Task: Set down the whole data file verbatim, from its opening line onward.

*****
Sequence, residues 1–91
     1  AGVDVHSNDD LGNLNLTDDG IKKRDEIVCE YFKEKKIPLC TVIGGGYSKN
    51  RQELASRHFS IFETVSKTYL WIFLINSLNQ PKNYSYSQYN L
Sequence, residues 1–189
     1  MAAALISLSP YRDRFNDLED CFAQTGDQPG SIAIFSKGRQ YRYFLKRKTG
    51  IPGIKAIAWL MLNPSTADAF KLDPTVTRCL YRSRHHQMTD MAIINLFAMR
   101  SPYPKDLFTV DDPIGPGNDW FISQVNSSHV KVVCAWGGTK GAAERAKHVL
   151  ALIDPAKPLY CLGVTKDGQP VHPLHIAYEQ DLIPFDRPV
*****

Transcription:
Sequence, residues 1–91
     1  AGVDVHSNDD LGNLNLTDDG IKKRDEIVCE YFKEKKIPLC TVIGGGYSKN
    51  RQELASRHFS IFETVSKTYL WIFLINSLNQ PKNYSYSQYN L
Sequence, residues 1–189
     1  MAAALISLSP YRDRFNDLED CFAQTGDQPG SIAIFSKGRQ YRYFLKRKTG
    51  IPGIKAIAWL MLNPSTADAF KLDPTVTRCL YRSRHHQMTD MAIINLFAMR
   101  SPYPKDLFTV DDPIGPGNDW FISQVNSSHV KVVCAWGGTK GAAERAKHVL
   151  ALIDPAKPLY CLGVTKDGQP VHPLHIAYEQ DLIPFDRPV